HEALTHLINE - Pinterest, Facebook, and Instagram have put in safeguards to help combat health misinformation online, which is important because such misinformation can affect public health. For example, misinformation about vaccines has helped lead to the ongoing spike of measles cases. "Those opposed to vaccinations often misrepresent data, knowingly or unknowingly, which can skew others' perception of risk," says BCHS's Elizabeth Felter.
WESA - New research from BCHS's Alison Culyba shows that adult support both reduces violence and increases positive behaviors among teen boys in low-income urban neighborhoods. “What we were really interested in with this particular study was looking at patterns of violence with a lot more detail than what had been done in previous research … so we could best understand how to leverage those relationships to protect young men from multiple types...
PITTSBURGH POST-GAZETTE - The cost of being poor can include decades of life. A just-launched partnership between a Homewood-based community group and a University of Pittsburgh research team intends to explore that grim price tag, and to create a corps of "citizen scientists" who could lead the charge to close the life expectancy gap. The team includes BCHS's Noble Maseru, director of the Center for Health Equity and EOH's Jim Fabisiak, directo...
Lauren Risser (BCHS '20), Kathleen Koesarie (MMPH '18), and BCHS's Martha Ann Terry table at the Women's Health Activist Movement (WHAMglobal) Birthing a Movement art and activism event. The event addressed issues of maternal mortality and women's health. Risser co-founded the Pitt Public Health chapter of Period, a non-profit which aims to reduce the stigma of mensuration and provide hygiene products to those in need.
BCHS's Jessie Burke was among 25 exceptional women leaders in health who met in Pittsburgh this month to explore their career and life goals and learn to address organizational and cultural barriers and meet life-stage challenges. The training was sponsored by Women of Impact, a group of women representing various sectors of the health care industry.
Professor Jessica Burke and student Teagan O'Malley (BCHS '12 '19) developed a framework for evaluating and improving the effectiveness of the National Domestic Violence Hotline, which responds to over 1000 calls for help each day. Burke and O'Malley engaged multiple stakeholders including service providers, users, and experts via a content-mapping research methodology to isolate what matters most and to establish metrics for monitoring this vit...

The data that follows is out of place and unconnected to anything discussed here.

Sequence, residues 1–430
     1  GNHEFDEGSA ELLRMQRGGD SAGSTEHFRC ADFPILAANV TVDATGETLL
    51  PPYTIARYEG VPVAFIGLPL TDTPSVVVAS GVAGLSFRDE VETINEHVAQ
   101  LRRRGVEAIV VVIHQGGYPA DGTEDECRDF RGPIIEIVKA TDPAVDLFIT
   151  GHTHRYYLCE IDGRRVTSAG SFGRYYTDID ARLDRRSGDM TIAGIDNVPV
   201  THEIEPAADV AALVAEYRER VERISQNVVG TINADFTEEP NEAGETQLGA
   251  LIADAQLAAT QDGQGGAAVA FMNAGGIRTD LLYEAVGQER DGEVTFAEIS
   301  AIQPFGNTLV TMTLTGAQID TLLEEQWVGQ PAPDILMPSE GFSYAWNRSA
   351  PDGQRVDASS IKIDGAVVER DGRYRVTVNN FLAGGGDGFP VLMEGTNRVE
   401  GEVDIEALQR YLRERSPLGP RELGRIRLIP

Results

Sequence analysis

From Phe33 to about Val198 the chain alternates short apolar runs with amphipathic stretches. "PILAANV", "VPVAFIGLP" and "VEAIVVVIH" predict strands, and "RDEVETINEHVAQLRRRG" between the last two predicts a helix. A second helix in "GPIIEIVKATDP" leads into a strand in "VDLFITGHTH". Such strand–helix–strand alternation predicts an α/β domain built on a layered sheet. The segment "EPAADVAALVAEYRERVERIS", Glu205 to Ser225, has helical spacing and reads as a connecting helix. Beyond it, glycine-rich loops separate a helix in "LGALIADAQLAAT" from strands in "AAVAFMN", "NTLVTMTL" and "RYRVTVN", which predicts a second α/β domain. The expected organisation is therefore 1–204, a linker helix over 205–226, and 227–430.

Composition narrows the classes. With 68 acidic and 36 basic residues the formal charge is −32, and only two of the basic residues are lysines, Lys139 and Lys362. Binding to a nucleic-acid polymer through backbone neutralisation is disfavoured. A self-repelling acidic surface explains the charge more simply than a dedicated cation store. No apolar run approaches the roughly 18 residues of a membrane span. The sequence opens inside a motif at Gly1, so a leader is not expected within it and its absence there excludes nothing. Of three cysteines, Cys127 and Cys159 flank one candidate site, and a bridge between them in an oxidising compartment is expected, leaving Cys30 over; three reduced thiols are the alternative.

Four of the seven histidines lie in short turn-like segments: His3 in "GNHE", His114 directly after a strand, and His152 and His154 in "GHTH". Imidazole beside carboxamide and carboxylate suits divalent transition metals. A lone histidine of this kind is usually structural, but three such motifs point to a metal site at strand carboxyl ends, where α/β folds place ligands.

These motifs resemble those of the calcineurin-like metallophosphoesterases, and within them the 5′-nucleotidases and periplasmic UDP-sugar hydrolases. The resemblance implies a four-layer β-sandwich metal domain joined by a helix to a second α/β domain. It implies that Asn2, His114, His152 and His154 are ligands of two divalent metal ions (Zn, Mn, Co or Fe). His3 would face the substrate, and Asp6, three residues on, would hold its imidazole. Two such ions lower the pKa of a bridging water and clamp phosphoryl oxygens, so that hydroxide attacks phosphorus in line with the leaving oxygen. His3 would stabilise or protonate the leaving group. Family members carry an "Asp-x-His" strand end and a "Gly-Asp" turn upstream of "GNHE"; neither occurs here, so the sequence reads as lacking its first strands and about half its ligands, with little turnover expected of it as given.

THE CONFLUENCE (WESA) -- Outgoing director of the Allegheny County Health Department, adjunct professor in HPM and BCHS, and Pitt Public Health board of visitors member, Dr. Karen Hacker discusses the population health issues of this region as well as her plans to head the CDC's National Center for Chronic Disease Prevention and Health Promotion.
PITTSBURGH POST-GAZETTE - BCHS's Patricia Documet, director of Latinx researh and outreach at the Center for Health Equity, is chair of the board for Casa San Jose, a Latino community resource center that held a major party last week benefiting the efforts of Casa San Jose's mission to create a welcoming community for Latino immmigrants through civic and social engagement.
PUBLIC SOURCE - As her tenure comes to an end, a review of the director's efforts to address air quality, opioids and lead while facing political pressure, legal limits and organizational dysfunction.
BCHS's Andre Brown recently assumed the role as executive director for Pittsburgh Black Pride (PBP). Since 1995, the Pittsburgh Black Pride Association has provided entertainment, social information, and health education to Black LBGTQIA+ individuals and families in the city of Pittsburgh and across Southwest Pennsylvania.
KDKA 1020 - BCHS's Richard Garland spoke to Lynne Hayes-Freeland about his work as director of the Violence Prevention Project, where he sees gunshot victims in the area, offering them services. He also talked about violence as a disease and how outreach workers interupt the spread.
UK DAILY MAIL - The findings published in JAMA could explain why several recent trials of treatments for sepsis - an immune response in which the body attacks its own organs - have failed. "The next step is to find therapies that apply to the scientific types of sepsis and then desing clinical trials to test them," said study author Derek Angus (BCHS '92), chair of Pitt's critical care medicine and an HPM distinguished professor.
BCHS' Richard Garland was among the presenters at the American College of Preventive Medicine's Prevention 2019 meeting held in Pittsburgh in May. Garland was on a panel called Lessons about Gun Violence from the National Violent Death Reporting System.
WESA - Karen Hacker, director of the Allegheny County Health Department, will leave at the end of July to take a job with the CDC as director of the National Center for Chronic Disease Prevention and Health Promotion. Hacker is also a member of our Board of Visitors and holds faculty appointments in the Departments of Health Policy and Management and Behavioral and Community Health Sciences.